The History of Woodhurst in Cambridgeshire

Historical notes about the town of Woodhurst in Cambridgehsire.

The Village of Woodhurst

The notes below are from the Victoria County History printed in 1932. Not much has changed in Woodhurst except the shops have closed and been converted to dwellings and so have many of the former agricultural buildings and the Chapel of St. John


Woodhurst lies to the north of St. Ives and covers an area of 1,823 acres, over two-thirds of which is arable land. The soil is clay and for the greater part the land is above the 100 ft. contour.

The village is a typical woodland ring fence settlement. It lies round what is roughly an oblong formed by two roads—Church Street on the north and South Street on the south, joined at the ends; from the middle of the ends, roads go to Bluntisham and Old Hurst. Probably at one end or the other stood St. John's Cross, of which mention is made in 1545. Around this oblong are the farm houses, shops and cottages of the village. They are for the most part modern, as the village was almost entirely destroyed by a fire in 1834, but a few 17th-century cottages remain, partially modernised. The parochial chapel of St. John is in the middle on the north side of Church Street and a lane called Church Lane runs southward from it to South Street. The Manor House stands at the north-east corner of the village. It is a large brick house with tiled roofs partly built in the 17th and partly in the 18th century. It contains some 18thcentury fittings including a staircase and panelling. There is also an early 18th-century brick house on the north side of South Street. A homestead moat northeast of the Manor House, called Spinney Moat, may represent the site of the old Manor House.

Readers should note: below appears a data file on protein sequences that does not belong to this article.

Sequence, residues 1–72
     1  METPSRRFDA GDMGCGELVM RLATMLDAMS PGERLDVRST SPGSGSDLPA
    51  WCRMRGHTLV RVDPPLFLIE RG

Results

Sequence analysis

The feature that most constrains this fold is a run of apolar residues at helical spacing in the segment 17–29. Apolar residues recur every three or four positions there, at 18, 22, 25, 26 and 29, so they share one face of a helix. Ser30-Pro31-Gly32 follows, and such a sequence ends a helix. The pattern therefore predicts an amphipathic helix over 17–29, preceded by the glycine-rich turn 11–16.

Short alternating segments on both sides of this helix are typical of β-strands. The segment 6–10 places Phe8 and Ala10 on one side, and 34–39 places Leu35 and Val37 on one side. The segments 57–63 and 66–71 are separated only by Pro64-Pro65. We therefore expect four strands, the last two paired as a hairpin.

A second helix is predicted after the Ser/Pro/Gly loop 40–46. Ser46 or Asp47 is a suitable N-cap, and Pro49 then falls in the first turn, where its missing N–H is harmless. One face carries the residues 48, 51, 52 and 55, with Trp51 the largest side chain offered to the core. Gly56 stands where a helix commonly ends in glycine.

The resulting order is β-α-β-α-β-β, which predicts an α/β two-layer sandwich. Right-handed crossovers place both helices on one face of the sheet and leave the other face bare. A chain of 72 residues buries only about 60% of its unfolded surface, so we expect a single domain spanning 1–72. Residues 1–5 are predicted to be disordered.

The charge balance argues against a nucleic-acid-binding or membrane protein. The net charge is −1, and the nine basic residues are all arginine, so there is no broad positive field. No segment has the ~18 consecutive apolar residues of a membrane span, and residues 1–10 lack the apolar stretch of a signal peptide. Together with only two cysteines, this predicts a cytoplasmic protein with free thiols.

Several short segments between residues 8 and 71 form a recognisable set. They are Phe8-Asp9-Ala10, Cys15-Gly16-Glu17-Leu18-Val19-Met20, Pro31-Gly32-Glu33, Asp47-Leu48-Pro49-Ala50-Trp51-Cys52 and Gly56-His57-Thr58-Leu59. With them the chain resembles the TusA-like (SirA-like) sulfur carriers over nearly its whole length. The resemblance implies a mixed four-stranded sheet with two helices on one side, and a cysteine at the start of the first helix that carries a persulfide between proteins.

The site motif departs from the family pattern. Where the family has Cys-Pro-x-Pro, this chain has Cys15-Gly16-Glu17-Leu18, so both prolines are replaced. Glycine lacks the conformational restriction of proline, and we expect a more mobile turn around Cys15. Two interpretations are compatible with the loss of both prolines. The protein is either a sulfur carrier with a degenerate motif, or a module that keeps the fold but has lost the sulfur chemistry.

Victoria County History; Huntingdonshire ~ 1932